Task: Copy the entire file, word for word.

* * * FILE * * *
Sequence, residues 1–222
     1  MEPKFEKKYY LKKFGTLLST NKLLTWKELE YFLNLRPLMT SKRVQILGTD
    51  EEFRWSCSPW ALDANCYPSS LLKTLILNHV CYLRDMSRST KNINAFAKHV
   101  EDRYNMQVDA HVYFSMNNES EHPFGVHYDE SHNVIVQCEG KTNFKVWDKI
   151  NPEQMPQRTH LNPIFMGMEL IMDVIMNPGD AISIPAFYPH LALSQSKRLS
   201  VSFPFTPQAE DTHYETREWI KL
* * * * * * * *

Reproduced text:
Sequence, residues 1–222
     1  MEPKFEKKYY LKKFGTLLST NKLLTWKELE YFLNLRPLMT SKRVQILGTD
    51  EEFRWSCSPW ALDANCYPSS LLKTLILNHV CYLRDMSRST KNINAFAKHV
   101  EDRYNMQVDA HVYFSMNNES EHPFGVHYDE SHNVIVQCEG KTNFKVWDKI
   151  NPEQMPQRTH LNPIFMGMEL IMDVIMNPGD AISIPAFYPH LALSQSKRLS
   201  VSFPFTPQAE DTHYETREWI KL